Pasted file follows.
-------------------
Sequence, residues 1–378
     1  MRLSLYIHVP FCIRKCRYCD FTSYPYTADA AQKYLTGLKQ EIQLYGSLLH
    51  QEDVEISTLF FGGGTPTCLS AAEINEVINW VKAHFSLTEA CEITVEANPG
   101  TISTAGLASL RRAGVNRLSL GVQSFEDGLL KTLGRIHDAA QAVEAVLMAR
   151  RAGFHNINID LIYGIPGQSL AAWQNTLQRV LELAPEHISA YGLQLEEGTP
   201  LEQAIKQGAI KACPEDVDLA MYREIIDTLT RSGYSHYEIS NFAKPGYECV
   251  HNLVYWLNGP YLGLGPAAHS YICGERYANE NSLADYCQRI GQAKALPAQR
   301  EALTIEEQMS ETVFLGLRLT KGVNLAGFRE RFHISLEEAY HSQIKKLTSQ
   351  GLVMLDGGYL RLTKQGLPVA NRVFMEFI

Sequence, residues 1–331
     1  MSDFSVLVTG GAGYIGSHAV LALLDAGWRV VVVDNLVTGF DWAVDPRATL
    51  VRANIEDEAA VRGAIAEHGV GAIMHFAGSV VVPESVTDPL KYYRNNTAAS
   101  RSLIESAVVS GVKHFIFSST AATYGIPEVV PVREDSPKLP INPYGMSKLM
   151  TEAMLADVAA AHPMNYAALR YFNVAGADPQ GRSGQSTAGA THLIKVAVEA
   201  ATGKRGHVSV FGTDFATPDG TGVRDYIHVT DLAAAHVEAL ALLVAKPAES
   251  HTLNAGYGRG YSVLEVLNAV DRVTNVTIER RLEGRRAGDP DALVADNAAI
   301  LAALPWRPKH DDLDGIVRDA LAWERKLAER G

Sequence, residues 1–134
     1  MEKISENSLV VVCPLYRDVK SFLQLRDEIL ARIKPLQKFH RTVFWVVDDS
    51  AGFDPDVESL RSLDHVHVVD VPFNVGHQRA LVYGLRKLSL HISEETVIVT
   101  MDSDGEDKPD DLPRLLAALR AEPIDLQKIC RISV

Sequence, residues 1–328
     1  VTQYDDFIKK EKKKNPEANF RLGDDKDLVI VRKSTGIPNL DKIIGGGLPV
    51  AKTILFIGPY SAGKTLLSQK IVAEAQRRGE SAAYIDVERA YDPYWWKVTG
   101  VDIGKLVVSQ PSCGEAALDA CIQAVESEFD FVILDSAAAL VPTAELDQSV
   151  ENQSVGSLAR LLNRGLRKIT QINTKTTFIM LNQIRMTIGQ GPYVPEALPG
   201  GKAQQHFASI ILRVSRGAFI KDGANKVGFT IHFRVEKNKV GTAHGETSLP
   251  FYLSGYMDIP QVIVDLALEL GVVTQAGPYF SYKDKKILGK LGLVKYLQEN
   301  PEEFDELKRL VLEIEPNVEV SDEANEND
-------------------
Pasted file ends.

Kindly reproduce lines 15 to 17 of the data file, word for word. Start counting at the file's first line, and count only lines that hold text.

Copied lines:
   201  ATGKRGHVSV FGTDFATPDG TGVRDYIHVT DLAAAHVEAL ALLVAKPAES
   251  HTLNAGYGRG YSVLEVLNAV DRVTNVTIER RLEGRRAGDP DALVADNAAI
   301  LAALPWRPKH DDLDGIVRDA LAWERKLAER G